It was a rather chilly evening last night at Wolf Trap, but the National Symphony under guest conductor Julius Rudel often played as if it were a dog day of August.
Not that there weren't moments of inspiration in a program that was as diverse as it was interesting: Kurt Weill's suite from his "Three Penny Opera," Gustav Mahler's "Ruckert Lieder" and Brahams' sturdy but sweaty warhorse -- the Symphony in C Minor, Opus 68.
Perhaps the orchestra's lack of inspiration stemmed from the sparse attendance for this concert at Wolf Trap. A good deal of the house was empty.
Nevertheless, baritone Richard Stilwell sang Mahler's "Ruckert Songs" with great conviction and ease of expression.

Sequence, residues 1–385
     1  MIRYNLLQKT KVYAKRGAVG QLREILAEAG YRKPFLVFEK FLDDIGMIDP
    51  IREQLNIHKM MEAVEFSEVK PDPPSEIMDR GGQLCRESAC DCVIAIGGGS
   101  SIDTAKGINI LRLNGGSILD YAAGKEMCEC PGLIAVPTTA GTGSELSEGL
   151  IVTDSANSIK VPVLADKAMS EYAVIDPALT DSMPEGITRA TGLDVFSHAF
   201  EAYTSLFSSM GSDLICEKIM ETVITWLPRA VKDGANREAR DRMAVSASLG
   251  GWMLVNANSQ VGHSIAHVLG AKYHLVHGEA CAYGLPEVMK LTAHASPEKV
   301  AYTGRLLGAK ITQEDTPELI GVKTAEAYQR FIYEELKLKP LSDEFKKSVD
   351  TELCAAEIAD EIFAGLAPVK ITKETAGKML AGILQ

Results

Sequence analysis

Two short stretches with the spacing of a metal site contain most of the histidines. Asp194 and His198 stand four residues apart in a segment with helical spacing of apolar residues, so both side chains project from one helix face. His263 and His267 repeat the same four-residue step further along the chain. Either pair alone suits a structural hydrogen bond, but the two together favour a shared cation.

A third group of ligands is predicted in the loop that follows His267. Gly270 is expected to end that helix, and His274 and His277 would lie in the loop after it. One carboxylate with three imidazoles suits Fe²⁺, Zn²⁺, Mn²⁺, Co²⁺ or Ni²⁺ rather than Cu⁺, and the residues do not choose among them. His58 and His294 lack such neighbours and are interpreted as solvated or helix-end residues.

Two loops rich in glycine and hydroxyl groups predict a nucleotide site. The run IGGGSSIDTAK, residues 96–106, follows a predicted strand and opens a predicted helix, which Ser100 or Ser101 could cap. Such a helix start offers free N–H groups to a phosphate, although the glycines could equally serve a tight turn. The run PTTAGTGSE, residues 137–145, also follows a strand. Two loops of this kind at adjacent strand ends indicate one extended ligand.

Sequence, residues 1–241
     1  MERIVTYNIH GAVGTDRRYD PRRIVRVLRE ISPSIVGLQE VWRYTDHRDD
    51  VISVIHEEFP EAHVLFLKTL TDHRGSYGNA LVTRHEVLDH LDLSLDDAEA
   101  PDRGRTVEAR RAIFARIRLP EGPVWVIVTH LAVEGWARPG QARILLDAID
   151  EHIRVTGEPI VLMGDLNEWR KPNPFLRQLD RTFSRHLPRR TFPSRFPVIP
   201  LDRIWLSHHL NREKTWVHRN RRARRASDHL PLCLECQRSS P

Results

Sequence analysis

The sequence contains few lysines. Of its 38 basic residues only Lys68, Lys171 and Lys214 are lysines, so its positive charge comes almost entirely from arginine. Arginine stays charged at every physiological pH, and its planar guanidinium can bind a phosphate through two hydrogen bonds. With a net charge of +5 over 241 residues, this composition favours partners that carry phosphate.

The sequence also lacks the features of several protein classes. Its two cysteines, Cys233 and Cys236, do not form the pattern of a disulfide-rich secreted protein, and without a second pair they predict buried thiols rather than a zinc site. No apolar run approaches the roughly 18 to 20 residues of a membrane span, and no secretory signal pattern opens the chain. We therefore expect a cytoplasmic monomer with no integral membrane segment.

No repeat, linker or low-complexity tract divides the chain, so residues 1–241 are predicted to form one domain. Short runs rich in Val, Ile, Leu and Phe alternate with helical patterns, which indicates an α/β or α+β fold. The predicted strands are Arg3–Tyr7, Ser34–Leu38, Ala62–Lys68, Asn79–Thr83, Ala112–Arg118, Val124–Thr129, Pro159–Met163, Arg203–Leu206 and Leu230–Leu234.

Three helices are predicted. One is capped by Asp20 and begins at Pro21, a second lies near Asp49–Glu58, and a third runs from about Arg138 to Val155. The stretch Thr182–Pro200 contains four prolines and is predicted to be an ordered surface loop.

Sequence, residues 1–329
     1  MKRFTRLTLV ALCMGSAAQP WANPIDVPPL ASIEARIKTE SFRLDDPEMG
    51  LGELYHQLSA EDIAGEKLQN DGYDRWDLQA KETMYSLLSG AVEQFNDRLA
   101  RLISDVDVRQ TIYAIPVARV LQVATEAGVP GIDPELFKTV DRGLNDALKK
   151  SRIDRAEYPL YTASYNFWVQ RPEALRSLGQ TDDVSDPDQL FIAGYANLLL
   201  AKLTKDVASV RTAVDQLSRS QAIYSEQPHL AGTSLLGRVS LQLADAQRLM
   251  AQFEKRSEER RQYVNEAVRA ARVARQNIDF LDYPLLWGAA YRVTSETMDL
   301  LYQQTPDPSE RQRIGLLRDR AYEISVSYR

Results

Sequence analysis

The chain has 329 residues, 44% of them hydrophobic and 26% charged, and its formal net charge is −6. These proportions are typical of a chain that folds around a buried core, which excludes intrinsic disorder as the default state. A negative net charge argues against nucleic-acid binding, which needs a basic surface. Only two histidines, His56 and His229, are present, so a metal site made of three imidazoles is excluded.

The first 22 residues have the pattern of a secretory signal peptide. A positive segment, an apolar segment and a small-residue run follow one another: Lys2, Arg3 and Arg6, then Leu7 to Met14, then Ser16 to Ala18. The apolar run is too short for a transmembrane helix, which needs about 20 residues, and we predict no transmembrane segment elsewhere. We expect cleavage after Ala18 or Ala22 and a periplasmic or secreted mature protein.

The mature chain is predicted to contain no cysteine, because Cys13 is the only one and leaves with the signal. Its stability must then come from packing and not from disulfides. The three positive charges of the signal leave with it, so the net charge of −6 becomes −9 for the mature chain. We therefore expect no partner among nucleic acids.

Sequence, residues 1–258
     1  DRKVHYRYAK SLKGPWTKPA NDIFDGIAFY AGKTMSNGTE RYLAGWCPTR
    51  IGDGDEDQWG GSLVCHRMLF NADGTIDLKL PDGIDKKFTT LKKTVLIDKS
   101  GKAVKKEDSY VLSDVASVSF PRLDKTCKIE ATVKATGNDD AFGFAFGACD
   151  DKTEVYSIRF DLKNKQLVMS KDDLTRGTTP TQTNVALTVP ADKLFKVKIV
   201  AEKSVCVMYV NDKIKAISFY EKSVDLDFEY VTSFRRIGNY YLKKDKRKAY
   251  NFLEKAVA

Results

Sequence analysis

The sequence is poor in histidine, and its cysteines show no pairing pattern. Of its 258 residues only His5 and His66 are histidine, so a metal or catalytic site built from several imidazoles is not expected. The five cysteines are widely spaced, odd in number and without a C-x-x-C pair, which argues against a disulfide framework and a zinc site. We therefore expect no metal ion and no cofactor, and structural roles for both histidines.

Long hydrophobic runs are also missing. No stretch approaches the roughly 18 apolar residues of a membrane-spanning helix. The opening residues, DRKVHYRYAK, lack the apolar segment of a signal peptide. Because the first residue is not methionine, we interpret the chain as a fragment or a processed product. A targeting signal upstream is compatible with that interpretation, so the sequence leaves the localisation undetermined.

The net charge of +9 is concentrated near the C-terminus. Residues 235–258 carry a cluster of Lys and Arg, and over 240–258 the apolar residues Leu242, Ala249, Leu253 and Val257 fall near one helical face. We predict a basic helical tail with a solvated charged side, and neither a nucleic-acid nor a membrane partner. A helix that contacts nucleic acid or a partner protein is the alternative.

Stilwell's voice is certainly light and flexible enough to provide the widest range of Mahlerian rhetoric. Indeed, there were moments in his performance such as the opening of "Um Mitternacht" ("At Midnight") where his noble declamation eclipsed even that of Fischer-Dieskau in the same repertoire.
Yet, from the orchestra -- which played far too loudly under Rudel -- the magic of the musical effect was often missed. There was little feeling from the orchestra of a musical partnership, little sense of making music together with the soloist, little coalescence of a musical experience.
A small wind orchestra opened the concert with very bright and sprightly playing in the "Three Penny Opera" suite. Appropriately this music is meant to be played loudly and coarsely. The band, plus such exotic instruments as banjo and guitar caught Weill's sleazy, slippery Weimar Republic-cabaret idiom perfectly. The Brahams symphony finished out the concert in a solid but unimaginative and routine reading under Rudel.